Over the years I have also received uncountable emails addressed to “To Whom It May Concern,” “Hiring Manager,” “H.R. Department” and any number of other impersonal, nameless salutations.
Some of the cover letters were spot-on, cogent, energetic and well-written. Often they accompanied a resume with relevant work or internship experience and solid educational credentials. In many cases, I was tempted to contact the writer to set up an interview.
But each time I came back to the fact that what the writer had sent was supposedly her best shot at impressing the decision-maker, but she had failed to make an effort to determine who at the agency should receive her cover letter and resume. The would-be employee hadn’t explored the website enough to identify the appropriate recipient nor had she at the least called the agency to get a name and an email address.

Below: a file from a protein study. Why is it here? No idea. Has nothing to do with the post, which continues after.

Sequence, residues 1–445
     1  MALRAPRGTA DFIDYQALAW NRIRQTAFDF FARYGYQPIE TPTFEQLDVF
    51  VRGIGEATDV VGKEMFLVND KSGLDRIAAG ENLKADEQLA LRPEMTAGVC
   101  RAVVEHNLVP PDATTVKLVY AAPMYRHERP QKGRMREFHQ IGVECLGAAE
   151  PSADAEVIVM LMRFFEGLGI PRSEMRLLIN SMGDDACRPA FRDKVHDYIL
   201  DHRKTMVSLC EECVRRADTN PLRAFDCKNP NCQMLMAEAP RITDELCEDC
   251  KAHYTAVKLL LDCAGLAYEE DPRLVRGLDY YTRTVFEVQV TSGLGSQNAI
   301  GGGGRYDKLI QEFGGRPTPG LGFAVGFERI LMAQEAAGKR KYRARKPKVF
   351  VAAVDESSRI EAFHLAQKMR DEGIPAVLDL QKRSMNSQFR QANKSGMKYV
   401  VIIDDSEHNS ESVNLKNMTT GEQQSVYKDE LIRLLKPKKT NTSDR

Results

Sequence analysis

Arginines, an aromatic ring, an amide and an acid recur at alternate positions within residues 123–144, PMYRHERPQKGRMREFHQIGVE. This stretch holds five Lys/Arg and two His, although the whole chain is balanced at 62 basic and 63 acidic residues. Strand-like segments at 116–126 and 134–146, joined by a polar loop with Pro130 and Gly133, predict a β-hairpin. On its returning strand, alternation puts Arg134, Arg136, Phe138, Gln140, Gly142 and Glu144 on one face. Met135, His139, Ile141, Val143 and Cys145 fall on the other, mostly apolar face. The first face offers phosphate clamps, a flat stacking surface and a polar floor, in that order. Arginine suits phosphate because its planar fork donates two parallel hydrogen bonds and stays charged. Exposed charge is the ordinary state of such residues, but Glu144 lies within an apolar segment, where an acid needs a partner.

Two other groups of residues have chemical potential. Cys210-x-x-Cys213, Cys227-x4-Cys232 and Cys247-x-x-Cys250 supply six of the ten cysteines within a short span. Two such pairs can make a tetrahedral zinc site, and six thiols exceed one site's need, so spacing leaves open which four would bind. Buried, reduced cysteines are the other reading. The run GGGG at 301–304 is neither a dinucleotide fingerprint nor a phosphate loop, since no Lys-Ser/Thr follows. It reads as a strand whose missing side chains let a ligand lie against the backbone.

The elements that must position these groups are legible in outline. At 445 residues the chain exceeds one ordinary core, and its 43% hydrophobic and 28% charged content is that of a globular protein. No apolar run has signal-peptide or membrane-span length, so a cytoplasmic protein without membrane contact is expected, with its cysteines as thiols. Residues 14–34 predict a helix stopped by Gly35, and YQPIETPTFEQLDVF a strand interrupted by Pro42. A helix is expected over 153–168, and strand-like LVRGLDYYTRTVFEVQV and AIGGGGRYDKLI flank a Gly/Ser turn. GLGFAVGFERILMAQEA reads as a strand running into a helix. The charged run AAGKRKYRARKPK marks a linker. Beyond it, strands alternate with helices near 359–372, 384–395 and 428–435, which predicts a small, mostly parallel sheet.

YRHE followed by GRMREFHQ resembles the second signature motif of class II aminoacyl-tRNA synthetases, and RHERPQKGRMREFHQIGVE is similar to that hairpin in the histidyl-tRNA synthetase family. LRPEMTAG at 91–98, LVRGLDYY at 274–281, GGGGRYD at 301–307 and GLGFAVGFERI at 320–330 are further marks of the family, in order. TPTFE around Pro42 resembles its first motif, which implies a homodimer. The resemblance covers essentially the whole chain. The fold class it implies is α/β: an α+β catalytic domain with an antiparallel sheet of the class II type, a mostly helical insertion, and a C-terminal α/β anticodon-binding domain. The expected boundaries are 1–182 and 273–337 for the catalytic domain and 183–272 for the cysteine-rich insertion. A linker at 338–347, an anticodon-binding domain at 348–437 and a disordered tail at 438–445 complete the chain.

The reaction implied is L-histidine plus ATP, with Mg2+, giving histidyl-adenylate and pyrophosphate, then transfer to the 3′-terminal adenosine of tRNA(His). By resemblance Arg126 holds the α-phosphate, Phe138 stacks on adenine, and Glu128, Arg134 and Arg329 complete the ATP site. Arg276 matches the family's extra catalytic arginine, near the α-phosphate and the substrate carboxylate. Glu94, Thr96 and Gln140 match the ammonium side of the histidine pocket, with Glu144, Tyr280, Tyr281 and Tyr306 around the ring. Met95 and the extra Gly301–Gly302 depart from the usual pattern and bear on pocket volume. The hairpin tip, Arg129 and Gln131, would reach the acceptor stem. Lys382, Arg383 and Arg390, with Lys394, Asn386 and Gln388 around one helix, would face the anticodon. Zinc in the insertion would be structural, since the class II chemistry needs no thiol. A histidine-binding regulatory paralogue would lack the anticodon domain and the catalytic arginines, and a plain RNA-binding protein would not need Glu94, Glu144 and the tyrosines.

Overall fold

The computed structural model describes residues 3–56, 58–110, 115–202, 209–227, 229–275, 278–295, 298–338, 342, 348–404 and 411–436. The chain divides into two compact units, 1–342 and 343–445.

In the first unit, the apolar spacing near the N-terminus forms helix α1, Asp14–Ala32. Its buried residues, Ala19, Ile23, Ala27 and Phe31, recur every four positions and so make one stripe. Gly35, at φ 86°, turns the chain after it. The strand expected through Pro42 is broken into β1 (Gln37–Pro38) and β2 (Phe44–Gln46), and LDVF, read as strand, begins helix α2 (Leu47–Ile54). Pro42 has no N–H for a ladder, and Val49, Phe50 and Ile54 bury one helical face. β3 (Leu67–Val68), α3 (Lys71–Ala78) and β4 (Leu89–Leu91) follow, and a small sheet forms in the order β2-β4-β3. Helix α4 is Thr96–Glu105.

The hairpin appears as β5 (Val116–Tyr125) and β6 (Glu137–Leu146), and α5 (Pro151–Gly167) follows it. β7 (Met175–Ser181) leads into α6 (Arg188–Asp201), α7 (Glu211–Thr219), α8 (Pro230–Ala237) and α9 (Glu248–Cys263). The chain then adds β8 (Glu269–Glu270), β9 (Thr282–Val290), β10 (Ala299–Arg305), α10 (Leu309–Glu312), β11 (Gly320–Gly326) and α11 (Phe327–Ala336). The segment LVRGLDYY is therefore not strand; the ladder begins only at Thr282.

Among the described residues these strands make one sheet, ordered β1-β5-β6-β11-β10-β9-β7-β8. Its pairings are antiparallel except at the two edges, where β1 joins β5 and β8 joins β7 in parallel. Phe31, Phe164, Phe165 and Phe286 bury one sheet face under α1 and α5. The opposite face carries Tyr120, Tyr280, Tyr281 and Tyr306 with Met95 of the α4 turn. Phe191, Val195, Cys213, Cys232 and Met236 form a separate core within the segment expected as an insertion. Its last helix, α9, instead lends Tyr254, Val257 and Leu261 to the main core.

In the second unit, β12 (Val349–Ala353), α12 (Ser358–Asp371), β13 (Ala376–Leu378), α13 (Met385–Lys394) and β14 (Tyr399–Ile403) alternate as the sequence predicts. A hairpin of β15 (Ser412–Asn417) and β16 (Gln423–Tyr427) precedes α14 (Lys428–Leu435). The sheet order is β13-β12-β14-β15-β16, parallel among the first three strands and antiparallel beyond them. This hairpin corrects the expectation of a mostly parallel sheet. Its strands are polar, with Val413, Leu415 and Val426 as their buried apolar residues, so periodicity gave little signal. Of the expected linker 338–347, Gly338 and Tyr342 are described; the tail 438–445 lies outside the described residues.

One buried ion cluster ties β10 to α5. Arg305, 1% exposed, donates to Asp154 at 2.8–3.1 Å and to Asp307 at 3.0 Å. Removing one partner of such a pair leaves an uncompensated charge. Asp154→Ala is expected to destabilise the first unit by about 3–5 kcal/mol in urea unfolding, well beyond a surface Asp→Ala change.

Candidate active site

In each instance, the writer had failed to do the minimal amount of work necessary to make sure her credentials reached the right person. What she had demonstrated to me was a distinct lack of initiative, thoroughness and professionalism. What did it say about her desire to work for NewmanPR that she couldn’t take a moment to call and ask for a name, title and email address?
It said to me she didn’t want the job enough and that she was probably not the kind of person I would want to have on my team.
Sometimes, if the writer is fresh out of school and otherwise has promising credentials, I will write a note and suggest that in future she make sure to address her cover letter to a human, not a title. Usually I get one of two responses — occasionally a brief note of thanks, but more often than not, silence.
That’s OK. I have yet to hire someone who did not address their cover letter to me personally and I have no plans to change that practice.